I'm confused. I hear paneer described as 'Indian cottage cheese' but it's certainly nothing like cottage cheese when it's fried up and put in curries or turned into Sandesh. There seems to be a million ways to handle it, for instance here are three different ways that paneer is used:
Some websites will just have you drain the paneer, some have you press it, Ecurry has you knead it and then fry it for the sandesh! At what point is it in the typical paneer state? None of those are like cottage cheese! I'm mainly concerned because I want to make malai kofta and I'm sure the moisture content and firmness of the paneer will make a big difference in the texture of the dumplings.
Help! Please and Thank You-
hey kateearle, the texture of home made paneer is more like ricotta or small curd cottage cheese(maybe a little drier though) , while store bought is pressed into firm blocks. I took a look at the recipe link above - if you use store bought paneer you can pretty much follow the instructions completely. If you do get to making paneer at home, you can mash up everything but the paneer in the FP and then fold in the paneer.
Hope this helps
As Kate said, freshly made paneer is like small curd cottage cheese. You can drain it, press it and knead it, all of which will affect texture and firmness.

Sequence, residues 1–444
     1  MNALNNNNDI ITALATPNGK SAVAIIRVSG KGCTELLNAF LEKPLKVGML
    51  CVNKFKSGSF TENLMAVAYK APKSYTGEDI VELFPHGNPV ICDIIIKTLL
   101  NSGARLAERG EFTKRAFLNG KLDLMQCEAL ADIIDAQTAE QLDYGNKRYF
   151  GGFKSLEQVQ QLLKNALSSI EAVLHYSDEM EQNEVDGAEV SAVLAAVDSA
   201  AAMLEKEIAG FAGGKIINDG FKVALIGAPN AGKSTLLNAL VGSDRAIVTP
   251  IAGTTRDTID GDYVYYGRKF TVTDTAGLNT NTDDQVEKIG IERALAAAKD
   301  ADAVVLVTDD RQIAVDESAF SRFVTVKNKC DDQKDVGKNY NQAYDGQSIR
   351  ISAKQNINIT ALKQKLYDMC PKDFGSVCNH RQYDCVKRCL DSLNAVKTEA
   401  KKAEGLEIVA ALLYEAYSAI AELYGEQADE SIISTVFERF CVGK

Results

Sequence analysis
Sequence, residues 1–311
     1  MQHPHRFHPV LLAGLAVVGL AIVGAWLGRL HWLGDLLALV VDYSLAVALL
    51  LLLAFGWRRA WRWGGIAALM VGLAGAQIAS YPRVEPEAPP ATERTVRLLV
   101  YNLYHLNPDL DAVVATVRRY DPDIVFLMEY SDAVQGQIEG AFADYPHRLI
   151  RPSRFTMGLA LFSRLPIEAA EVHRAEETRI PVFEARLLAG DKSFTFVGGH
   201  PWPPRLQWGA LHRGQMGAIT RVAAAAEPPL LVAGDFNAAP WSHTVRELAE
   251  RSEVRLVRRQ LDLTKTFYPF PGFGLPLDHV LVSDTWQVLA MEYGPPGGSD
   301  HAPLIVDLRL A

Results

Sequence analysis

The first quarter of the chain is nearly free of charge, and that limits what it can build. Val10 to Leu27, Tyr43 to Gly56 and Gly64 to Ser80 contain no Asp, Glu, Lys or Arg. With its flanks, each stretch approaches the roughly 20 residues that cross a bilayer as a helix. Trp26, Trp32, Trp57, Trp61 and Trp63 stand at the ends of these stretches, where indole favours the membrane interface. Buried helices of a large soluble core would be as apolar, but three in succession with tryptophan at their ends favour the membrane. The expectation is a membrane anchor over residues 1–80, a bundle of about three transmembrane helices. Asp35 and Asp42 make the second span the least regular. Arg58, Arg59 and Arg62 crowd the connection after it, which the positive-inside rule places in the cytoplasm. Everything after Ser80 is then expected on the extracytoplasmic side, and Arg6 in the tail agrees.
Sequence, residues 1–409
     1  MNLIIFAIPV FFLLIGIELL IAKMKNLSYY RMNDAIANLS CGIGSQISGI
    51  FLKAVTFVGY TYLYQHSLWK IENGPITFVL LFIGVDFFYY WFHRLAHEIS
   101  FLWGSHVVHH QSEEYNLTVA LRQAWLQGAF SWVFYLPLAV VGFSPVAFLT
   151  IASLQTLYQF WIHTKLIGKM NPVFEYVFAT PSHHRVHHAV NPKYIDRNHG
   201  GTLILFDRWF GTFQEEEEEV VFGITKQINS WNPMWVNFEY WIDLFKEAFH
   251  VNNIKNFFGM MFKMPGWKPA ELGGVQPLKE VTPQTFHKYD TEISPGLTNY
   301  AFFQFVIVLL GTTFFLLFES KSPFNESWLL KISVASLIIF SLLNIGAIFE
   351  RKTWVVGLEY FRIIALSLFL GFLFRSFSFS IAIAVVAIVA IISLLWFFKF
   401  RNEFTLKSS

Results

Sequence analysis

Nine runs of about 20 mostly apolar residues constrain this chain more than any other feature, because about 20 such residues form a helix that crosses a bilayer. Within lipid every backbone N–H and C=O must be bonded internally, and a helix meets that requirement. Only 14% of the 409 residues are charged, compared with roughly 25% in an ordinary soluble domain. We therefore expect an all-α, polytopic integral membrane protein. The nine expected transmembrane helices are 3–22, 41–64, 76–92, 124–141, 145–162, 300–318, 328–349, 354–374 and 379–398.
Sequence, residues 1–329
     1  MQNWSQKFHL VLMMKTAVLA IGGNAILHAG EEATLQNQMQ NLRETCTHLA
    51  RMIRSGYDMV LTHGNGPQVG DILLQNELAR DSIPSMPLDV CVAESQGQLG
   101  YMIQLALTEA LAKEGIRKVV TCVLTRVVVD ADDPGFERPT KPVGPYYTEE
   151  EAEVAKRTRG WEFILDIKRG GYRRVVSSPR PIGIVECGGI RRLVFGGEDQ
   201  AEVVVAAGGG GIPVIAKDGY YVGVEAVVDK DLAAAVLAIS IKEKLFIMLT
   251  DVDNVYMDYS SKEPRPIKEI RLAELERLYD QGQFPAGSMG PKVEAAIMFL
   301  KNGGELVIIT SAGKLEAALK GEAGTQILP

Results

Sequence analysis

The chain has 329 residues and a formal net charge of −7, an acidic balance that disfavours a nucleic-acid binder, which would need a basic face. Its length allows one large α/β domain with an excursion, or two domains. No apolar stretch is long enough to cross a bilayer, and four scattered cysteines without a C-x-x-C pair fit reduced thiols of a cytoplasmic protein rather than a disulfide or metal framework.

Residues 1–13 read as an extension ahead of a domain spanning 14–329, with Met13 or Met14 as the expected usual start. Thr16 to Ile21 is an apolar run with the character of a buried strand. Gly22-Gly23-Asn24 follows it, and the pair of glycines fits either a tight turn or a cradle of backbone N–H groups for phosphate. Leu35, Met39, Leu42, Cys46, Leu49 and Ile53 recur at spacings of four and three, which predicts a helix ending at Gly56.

There are different uses for every kind of paneer. Moist, crumbly paneer can go into desserts. Dry, block paneer can be grilled or cooked in gravy. For malai kofta, I've only used block paneer, but fresh paneer might improve the texture of the croquette.
From my experience, yes, texture depends on the use. I make rasmalai (cream-based rasgullas) from homemade paneer. I drain the paneer, allow it to cool somewhat (still hot), knead in just 1-2 Tbl. suji (farina), and squeeze together into balls. I've never had success with storebought paneer for that, however.
Like the others said, storebought paneer (at least here in the US) tends to be drier, like a block of dense tofu. If you make it at home, it tends to have more moisture. I usually press it in cheesecloth by hand, then place it between a plate and heavy pot to press it even more. For dishes like paneer paratha, mattar paneer, malai kofta, I either grate or crumble the paneer. For desserts, I don't press it out -- I just tie the cheesecloth to my kitchen faucet to let it drain for a couple hours, then knead it by hand.